As Owen said, as you define it more, resonate better and so on, the quality will improve.

I second on the importance of having orientation to this. A good teacher will not only give you exercises but will be able to explain the purpose and goal, at least the immediate ones.

Blind exercising really does not get you anywhere.

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At least you had a teacher to teach basics. Maybe he was not into teaching "rock" singing or whatever you are into.

We've had several discussions over the years. What makes a good teacher. Should good teachers be able to sing well, also. Does it matter if they could sing, but no longer? Etc, etc. I tend to think, look at the students. See the results of the teacher's work, more important than any actual singing by the teacher. What did his or her students learn and what has it done for them?

That is the sign of a good teacher and good students keyed in to learning what he or she has to teach.

So, keep that in mind, if you are looking for a new teacher. I can't tell you to get another teacher. I'm not even going to say that not having a teacher means you are doomed to a life of horrible singing.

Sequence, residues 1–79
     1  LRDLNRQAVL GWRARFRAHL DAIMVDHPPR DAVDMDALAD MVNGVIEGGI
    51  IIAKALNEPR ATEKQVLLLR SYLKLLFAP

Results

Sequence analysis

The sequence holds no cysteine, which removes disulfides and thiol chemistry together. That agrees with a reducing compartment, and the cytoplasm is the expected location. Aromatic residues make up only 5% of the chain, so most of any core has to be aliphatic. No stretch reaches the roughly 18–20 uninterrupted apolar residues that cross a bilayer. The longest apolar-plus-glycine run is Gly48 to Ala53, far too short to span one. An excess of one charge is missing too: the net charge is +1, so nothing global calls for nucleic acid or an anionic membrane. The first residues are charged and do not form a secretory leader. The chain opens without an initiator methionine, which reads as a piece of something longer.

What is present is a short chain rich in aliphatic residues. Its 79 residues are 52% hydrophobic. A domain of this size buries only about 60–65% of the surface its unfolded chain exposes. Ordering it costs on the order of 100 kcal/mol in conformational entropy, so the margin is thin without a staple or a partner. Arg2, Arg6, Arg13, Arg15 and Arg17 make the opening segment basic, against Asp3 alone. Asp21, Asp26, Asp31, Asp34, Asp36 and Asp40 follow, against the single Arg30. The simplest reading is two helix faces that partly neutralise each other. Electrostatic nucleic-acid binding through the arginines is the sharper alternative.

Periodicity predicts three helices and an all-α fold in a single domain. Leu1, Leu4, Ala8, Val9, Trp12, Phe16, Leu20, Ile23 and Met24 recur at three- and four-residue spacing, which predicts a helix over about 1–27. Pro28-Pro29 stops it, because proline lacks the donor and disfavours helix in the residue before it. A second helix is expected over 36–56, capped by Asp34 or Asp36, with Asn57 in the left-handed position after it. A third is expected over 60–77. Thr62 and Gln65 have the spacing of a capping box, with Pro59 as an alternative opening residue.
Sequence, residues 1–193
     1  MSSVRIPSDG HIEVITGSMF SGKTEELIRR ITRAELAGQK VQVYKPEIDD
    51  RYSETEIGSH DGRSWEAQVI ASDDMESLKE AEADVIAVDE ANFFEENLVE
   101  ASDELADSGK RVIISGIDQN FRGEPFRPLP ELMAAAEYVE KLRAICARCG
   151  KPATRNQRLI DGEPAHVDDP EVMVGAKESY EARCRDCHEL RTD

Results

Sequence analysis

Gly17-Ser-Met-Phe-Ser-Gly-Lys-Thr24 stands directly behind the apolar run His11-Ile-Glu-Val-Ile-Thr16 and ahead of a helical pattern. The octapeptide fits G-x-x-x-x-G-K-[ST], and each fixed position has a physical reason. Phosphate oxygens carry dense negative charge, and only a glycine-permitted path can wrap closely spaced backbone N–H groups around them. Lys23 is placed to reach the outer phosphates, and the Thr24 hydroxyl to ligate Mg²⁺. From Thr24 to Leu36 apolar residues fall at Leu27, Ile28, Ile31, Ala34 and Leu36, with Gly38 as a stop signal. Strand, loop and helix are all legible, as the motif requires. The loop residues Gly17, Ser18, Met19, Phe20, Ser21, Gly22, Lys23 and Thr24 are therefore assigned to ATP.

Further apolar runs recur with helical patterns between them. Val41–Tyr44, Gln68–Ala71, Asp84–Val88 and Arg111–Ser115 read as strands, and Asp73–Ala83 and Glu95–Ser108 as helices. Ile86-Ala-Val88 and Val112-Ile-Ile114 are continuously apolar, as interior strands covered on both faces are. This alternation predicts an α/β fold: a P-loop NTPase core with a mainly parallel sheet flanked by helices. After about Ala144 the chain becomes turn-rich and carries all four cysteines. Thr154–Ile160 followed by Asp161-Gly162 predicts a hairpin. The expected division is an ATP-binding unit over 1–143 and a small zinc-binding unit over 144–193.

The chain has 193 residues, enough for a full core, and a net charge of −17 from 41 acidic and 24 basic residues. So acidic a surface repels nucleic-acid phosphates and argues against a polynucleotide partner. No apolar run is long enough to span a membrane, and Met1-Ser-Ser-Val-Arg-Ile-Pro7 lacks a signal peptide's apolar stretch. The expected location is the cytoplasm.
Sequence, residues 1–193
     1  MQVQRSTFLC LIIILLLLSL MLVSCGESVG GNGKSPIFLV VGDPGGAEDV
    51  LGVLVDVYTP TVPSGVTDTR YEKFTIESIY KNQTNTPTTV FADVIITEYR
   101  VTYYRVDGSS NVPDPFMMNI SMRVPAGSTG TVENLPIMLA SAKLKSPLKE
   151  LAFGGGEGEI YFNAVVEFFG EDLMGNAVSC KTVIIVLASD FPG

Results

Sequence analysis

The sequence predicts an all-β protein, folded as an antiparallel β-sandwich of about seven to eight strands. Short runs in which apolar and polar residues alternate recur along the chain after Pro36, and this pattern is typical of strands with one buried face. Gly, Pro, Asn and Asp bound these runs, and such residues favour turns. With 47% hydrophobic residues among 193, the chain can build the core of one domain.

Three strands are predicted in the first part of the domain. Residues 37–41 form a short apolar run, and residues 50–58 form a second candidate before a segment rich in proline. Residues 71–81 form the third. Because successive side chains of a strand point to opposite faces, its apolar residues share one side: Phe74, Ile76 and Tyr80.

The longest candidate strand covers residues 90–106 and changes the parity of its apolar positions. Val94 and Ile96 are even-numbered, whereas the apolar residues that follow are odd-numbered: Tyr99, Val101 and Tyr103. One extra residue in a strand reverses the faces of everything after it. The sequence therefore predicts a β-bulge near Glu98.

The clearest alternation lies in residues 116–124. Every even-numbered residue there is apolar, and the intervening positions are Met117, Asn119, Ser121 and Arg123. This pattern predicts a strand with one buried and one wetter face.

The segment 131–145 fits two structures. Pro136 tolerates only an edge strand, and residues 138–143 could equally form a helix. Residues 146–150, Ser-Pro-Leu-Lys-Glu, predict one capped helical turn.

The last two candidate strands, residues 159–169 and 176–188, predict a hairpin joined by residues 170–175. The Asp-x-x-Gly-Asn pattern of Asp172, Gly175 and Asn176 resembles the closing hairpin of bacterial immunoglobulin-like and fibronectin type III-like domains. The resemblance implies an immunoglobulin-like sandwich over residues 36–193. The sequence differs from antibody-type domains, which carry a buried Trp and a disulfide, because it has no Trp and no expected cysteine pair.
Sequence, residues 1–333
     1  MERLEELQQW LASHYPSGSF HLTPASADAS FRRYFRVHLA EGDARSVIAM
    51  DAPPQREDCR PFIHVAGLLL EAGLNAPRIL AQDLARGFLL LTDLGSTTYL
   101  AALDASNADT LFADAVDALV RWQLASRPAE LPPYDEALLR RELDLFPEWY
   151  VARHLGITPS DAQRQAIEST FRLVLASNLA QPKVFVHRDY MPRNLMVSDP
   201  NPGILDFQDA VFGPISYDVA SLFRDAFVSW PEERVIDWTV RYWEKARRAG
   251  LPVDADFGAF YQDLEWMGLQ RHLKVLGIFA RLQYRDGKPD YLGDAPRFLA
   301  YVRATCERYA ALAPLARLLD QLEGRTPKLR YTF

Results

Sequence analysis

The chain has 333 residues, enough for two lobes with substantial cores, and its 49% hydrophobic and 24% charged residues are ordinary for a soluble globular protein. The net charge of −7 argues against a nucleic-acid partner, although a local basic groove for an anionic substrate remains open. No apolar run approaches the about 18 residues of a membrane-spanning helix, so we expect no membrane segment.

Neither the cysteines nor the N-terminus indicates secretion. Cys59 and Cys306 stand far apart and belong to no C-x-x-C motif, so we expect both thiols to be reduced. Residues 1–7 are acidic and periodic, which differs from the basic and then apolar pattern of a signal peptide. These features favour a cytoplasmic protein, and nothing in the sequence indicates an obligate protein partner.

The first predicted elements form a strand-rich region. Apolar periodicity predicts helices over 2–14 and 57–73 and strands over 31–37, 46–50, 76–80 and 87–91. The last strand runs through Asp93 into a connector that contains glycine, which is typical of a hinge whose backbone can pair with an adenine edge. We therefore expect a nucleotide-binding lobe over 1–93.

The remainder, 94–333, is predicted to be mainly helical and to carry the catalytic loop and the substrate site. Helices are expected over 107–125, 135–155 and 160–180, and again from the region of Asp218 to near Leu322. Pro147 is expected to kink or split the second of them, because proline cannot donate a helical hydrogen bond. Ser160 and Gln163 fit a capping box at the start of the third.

But with a teacher, you can learn things a lot faster because they can see you. Like this bit about pulling lips over the teeth.

More importantly, you should loosely drop the jaw down and back (not aggressively so). An instructor could see when you are jutting the jaw forward and get you to pull back. The lips over the teeth is secondary or an accidental action, nothing to concentrate on. And if you had a better live coach, he or she would catch those things and you will learn much quicker.

So often, here, we say, get a coach and don't often define what kind of coach, how to determine their quality. What to do if you don't have the money to drive 300 miles just for a lesson, and then back home. Here, in Texas, I have driven almost that far to visit the in-laws and I am not driving back in the same day. And all my available spending money went to paying for the gas. Once, maybe, twice a year. I only made the trip once, this year, for a family reunion.